Sen. Lindsey Graham (R-S.C.) received a warning early Sunday morning to follow the Senate’s decorum rules after he accused Sen. Maggie Hassan (D-N.H.) of being “deceitful” and “dishonest” and vowed “we’re going to call you out.”
“This gives phony and cynical a bad name,” Graham exclaimed when Hassan introduced her amendment.
Graham’s outburst at Hassan prompted Sen. Chris Murphy (D-Conn.) to remind the South Carolina senator sternly not to impugn the motives of a fellow senator.
Murphy reminded Graham and all senators not to “impute to another senator or other senators any conduct or motive unworthy or unbecoming of a senator.”
The admonishment came after Graham slammed Hassan, who faces a competitive re-election race this November, for proposing an alternative to his amendment to strike a $16.4-cent-a-barrell tax on imported petroleum products and foreign oil refined in the United States.
“They wouldn’t let you do this in professional wrestling. If you think people are this dumb, you’re going to be sadly mistaken,” Graham fumed on the floor.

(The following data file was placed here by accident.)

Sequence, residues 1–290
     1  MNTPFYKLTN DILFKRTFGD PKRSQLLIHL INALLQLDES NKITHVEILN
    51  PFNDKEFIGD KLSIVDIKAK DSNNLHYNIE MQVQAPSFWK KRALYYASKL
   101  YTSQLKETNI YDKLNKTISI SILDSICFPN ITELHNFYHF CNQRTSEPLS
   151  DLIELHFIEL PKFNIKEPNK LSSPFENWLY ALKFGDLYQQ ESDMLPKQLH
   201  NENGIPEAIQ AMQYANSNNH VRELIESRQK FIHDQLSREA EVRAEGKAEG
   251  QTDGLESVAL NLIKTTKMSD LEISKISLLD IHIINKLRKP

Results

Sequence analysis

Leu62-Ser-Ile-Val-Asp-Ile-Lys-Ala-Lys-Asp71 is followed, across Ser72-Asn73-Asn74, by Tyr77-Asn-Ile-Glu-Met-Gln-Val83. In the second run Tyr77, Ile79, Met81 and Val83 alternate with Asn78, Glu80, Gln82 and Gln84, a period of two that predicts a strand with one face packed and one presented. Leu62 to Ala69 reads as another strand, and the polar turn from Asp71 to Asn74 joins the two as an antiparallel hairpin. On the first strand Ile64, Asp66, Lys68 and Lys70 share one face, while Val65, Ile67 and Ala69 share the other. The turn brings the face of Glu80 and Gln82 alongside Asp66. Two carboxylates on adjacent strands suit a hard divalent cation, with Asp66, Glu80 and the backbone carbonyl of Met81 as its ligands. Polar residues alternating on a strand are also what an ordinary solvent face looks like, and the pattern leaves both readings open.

Graham warned Democrats on Friday the debate and vote-a-rama on the budget reconciliation would be “hell.”
Graham accused his colleague Sunday morning of fake theatrics after Hassan urged colleagues to vote for what she called her own amendment to strike the surcharge on barrels of oil — something she proposed moments after voting against Graham’s amendment to repeal the surcharge.
The key difference was that Graham’s amendment was set at a 50-vote threshold and had a chance of passing if one Democrat voted “yes” while Hassan’s amendment had to overcome a 60-vote threshold and therefore had no chance of becoming part of the bill without 10 Republican votes.
“What she’s doing is trying to strike the provision that she just voted against but it requires 60 votes, so she can [vote] for repealing a gas tax she just voted against [repealing,]” Graham declared, accusing Hassan of trying to “look good for the voters.”
“What you’re doing is deceitful. It’s dishonest. And we’re going to call you out,” Graham vowed.
That direct attack prompted Murphy to step in.
“The senator are reminded to address each other through the chair and in the third person,” he said.
“Senators are reminded to address all remarks through the chair in the third person and to be mindful of Rule 19,” he said.
Murphy as the presiding officer at the time of the heated exchange could have ordered Graham to take his seat.
The Senate’s Rule 19 allows the presiding officer to “call to order” a senator who directly attacks or insults a fellow senator.
If such a formal rebuke is made, the offending senator’s words will be read aloud to the Senate and the presiding chairperson can order the senator to sit down and be quiet.
Graham settled down after Murphy’s warning.